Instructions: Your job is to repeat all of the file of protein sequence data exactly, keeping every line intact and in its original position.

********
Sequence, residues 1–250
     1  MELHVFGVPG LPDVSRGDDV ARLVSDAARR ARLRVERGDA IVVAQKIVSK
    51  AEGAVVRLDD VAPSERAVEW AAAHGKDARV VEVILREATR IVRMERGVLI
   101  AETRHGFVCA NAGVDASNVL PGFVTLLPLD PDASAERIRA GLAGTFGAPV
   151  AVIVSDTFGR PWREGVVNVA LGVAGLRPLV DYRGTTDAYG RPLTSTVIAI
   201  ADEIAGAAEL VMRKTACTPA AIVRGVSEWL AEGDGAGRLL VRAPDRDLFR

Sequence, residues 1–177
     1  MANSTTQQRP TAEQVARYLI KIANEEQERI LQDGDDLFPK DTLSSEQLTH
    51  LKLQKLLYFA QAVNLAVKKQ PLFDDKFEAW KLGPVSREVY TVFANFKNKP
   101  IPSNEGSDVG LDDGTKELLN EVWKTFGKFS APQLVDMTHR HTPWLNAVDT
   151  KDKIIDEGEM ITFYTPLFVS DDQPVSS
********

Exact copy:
Sequence, residues 1–250
     1  MELHVFGVPG LPDVSRGDDV ARLVSDAARR ARLRVERGDA IVVAQKIVSK
    51  AEGAVVRLDD VAPSERAVEW AAAHGKDARV VEVILREATR IVRMERGVLI
   101  AETRHGFVCA NAGVDASNVL PGFVTLLPLD PDASAERIRA GLAGTFGAPV
   151  AVIVSDTFGR PWREGVVNVA LGVAGLRPLV DYRGTTDAYG RPLTSTVIAI
   201  ADEIAGAAEL VMRKTACTPA AIVRGVSEWL AEGDGAGRLL VRAPDRDLFR

Sequence, residues 1–177
     1  MANSTTQQRP TAEQVARYLI KIANEEQERI LQDGDDLFPK DTLSSEQLTH
    51  LKLQKLLYFA QAVNLAVKKQ PLFDDKFEAW KLGPVSREVY TVFANFKNKP
   101  IPSNEGSDVG LDDGTKELLN EVWKTFGKFS APQLVDMTHR HTPWLNAVDT
   151  KDKIIDEGEM ITFYTPLFVS DDQPVSS